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Creating a multi-boot Linux desktop system

Take a look at how to select your favorite live operating system from a single USB drive.
Creating a multi-boot Linux desktop system

I'm always curious to try out the latest releases of different Linux distributions and enjoy what they have to offer. Yet, I can't compromise my primary workstation. I also can't continually set up the environment from scratch in an effort to try out new releases. Trying out new distros in a virtual machine doesn't offer a rich user experience.

What if, without any compromise, I could use several distributions on the same machine? The solution is to set up a multi-boot system and on boot, I can select the option I want. This article teaches you how to set up a multi-boot Linux system. 

To begin this process, you need some method of using different distributions on your system without harming the existing operating system (OS). A bootable USB drive fulfills the requirement to boot a system independent of the locally installed operating system. The tool I chose to use is Ventoy, a simple, lightweight, and very efficient open source tool to create a bootable USB drive. In short, I can create a bootable drive and then copy files onto it.

Using Ventoy, I can add/copy/delete any number of files, anytime, just like a regular drive. It uses GRUB (GRand Unified Bootloader) as the boot manager and allows you to boot directly from ISO images. You can store other files on the bootable USB drive without affecting the functionality of the bootable ISO images. Files can be separated by folders on the USB. Ventoy scans all of the directories and subdirectories and displays all of the ISO images present on the drive.


  • USB drive
  • Files
  • Empty disks, empty partitions, or free disk space

[ You might also like: Optimizing a Red Hat Enterprise Linux installation ISO image ]

Let's see how it works

Connect a USB drive to your system and identify its name correctly.

NOTE: It is advised to disconnect all other external drives not in use to avoid confusion.

Open the Terminal and enter:

# lsblk

lsblk lists all the block devices available on my system.

Out of the lsblk command, displaying multiple drives, each with multiple partitions

In my case, the USB is mounted as sdc, and sdc1 is the first and only partition of the USB.

GUI utility displaying partitions on the hard disk drive.

Be sure to backup all the data in the drive before proceeding.

Download the latest stable release of Ventoy.

Navigate to the local download location:

# cd <path to zip file>

Next, unzip the file:

tar -zxvf <name of the zip file>

Navigate to extracted Ventoy folder:

# cd <folder name>

Install Ventoy to the USB drive which requires root user privileges.

NOTE: Specify the drive name correctly as it will format the entire drive.

sudo sh -i <name of USB drive>

In my case, <name of USB drive> is sdc.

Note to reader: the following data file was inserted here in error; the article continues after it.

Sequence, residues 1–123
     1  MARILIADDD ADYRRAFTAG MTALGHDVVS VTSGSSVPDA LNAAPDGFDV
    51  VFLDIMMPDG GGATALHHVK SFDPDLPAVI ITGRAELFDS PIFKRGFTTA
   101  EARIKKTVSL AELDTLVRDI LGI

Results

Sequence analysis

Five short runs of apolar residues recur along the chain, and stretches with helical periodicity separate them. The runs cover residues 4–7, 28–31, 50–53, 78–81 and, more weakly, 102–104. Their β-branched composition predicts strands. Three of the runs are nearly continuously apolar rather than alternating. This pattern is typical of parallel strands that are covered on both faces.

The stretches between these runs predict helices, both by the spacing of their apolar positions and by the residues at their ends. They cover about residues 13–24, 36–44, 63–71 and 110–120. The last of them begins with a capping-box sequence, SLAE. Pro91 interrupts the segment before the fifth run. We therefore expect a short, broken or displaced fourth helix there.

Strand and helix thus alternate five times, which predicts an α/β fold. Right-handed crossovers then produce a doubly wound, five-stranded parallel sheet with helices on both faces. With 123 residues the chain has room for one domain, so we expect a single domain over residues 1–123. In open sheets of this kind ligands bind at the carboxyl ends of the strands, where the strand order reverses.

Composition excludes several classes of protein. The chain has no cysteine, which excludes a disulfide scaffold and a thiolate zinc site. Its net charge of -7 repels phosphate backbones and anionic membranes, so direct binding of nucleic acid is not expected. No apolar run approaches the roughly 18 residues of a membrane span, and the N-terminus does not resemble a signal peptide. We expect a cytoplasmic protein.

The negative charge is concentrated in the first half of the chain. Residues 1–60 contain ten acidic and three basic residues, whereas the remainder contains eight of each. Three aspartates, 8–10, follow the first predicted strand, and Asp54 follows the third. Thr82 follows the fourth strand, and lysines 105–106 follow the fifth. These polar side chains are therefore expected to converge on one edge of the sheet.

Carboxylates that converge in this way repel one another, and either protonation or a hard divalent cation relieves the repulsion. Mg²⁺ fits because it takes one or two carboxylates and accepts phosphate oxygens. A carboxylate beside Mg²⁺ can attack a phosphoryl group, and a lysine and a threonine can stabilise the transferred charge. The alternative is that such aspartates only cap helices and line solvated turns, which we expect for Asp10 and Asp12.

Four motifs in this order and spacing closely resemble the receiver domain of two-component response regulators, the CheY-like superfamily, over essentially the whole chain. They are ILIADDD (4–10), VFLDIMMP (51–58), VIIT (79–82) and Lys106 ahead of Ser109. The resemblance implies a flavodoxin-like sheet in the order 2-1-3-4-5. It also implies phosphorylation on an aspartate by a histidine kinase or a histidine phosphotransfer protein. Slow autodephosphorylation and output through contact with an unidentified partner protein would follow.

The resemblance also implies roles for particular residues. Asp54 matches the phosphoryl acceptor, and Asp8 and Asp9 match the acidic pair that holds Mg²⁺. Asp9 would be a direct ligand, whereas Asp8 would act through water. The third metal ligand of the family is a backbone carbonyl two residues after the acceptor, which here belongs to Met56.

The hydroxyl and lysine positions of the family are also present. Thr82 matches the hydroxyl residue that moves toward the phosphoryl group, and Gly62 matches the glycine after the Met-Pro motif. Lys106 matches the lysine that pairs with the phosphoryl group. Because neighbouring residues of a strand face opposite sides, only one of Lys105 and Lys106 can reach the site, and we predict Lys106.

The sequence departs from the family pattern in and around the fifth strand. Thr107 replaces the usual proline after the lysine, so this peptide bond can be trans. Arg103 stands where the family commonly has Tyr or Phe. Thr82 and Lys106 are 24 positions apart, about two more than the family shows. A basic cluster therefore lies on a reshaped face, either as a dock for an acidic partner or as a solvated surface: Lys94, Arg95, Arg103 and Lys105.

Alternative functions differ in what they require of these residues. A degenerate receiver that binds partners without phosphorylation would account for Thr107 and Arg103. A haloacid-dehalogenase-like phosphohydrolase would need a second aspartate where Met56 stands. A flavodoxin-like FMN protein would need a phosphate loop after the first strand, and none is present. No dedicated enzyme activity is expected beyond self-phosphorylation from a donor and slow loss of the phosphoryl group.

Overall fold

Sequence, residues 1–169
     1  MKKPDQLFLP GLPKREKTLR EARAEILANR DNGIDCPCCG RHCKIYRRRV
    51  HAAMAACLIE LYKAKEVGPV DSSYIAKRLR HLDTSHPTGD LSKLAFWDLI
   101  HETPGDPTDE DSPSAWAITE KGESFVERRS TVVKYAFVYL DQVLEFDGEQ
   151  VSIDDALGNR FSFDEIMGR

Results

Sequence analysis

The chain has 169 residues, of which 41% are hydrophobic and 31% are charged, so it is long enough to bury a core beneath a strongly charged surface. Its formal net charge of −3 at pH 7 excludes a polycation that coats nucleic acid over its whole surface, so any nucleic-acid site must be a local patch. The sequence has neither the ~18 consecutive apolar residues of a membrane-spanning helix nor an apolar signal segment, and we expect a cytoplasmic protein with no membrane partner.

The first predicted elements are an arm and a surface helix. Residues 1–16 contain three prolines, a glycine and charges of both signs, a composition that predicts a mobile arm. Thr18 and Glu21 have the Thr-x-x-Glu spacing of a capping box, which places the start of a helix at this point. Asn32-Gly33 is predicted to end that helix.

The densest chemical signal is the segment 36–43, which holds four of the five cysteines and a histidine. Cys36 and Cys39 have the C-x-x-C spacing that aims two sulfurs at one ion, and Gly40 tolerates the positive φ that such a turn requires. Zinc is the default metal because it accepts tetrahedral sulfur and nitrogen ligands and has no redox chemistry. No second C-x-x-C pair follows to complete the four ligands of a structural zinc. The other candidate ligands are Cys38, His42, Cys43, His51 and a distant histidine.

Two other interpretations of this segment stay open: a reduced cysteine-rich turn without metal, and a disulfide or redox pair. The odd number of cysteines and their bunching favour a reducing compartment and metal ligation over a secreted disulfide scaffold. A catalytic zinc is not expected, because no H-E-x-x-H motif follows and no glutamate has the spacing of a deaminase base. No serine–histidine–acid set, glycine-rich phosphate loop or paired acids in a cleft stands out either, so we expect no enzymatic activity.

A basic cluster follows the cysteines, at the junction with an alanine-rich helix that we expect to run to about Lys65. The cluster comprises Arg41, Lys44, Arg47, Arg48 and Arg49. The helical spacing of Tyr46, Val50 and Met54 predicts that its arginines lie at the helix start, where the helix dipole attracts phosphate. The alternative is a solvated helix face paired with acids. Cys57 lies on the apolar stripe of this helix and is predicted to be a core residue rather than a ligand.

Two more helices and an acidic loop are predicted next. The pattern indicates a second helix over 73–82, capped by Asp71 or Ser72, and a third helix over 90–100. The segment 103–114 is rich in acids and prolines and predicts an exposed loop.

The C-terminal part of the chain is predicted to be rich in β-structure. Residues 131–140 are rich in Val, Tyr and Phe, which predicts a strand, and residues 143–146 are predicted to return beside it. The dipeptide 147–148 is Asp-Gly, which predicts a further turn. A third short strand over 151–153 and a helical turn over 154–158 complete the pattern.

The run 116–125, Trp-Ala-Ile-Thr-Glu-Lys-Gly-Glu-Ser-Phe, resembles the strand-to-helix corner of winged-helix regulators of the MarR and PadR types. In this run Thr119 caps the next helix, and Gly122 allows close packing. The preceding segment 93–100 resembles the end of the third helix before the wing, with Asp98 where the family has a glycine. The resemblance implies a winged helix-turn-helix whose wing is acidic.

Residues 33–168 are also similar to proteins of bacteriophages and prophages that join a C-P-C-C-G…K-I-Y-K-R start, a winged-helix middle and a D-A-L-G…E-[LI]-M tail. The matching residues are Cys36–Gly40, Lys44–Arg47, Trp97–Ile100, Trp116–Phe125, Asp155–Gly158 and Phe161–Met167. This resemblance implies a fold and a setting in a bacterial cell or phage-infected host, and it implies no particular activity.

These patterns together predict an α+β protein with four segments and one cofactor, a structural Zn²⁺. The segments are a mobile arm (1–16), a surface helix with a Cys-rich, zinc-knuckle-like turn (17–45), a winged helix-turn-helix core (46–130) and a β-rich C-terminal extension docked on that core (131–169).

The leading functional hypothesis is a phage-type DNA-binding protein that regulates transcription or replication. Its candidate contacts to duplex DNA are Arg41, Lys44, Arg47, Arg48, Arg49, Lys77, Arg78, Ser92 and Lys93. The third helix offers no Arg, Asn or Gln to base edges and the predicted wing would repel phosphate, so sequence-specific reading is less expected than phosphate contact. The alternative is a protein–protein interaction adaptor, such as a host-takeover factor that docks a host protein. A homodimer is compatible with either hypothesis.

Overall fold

This creates two partitions:

  1. exFAT file system to store ISO images.
  2. FAT filesystem to hold EFI boot and other necessary Ventoy files.

Check for the two partitions created on your drive before proceeding.

Copy ISO images to the Ventoy named drive:

# cp <path to source containing ISO file> <path to Ventoy drive(destination)>


For copying all the ISO images present in the path at once:

cp <path to source directory containing ISO files>*.iso <path to Ventoy drive(destination)>

Now, you need to update the boot order of your system to boot from the USB drive. Some systems allow you to select a boot device on boot, but if yours doesn't, then you'll have to change selections in your system's BIOS.

To do that, restart your system and enter the BIOS set up utility. The key to enter into it differs from system to system and can be found by a simple Google search. It's F2 for my Acer Predator Helios 300.

Note: Changing BIOS settings can have negative consequences so be careful.

Navigate to the boot menu option using arrow keys and move the USB drive to the top of the priority order. Remember to save settings and exit so that the changes take effect on the next reboot.

The Ventoy screen displays all the ISO images which I have copied to the USB drive. From here, I can try or install any of them.

Ventoy menu displaying multiple installed Linux distributions


[ Free course: Red Hat Satellite Technical Overview. ] 

Wrap up

Part of the fun of Linux is the opportunity to try out so many different distributions. While virtual machines are often a good way to do this, multibooting allows you additional benefits, such as better performance and using a distribution natively without emulation. I have found the Ventoy utility to be easy and very helpful. Check it out—and then go hunting for all those distros you've been missing out on.

Topics:   Linux   Linux administration  
Author’s photo

Aman Manapure

Aman loves technology and is currently pursuing a Bachelor's degree in Computer Science and is an open source enthusiast. He is interested in Linux, Cloud, and DevOps. Also, he is an active contributor to the Fedora Project. More about me

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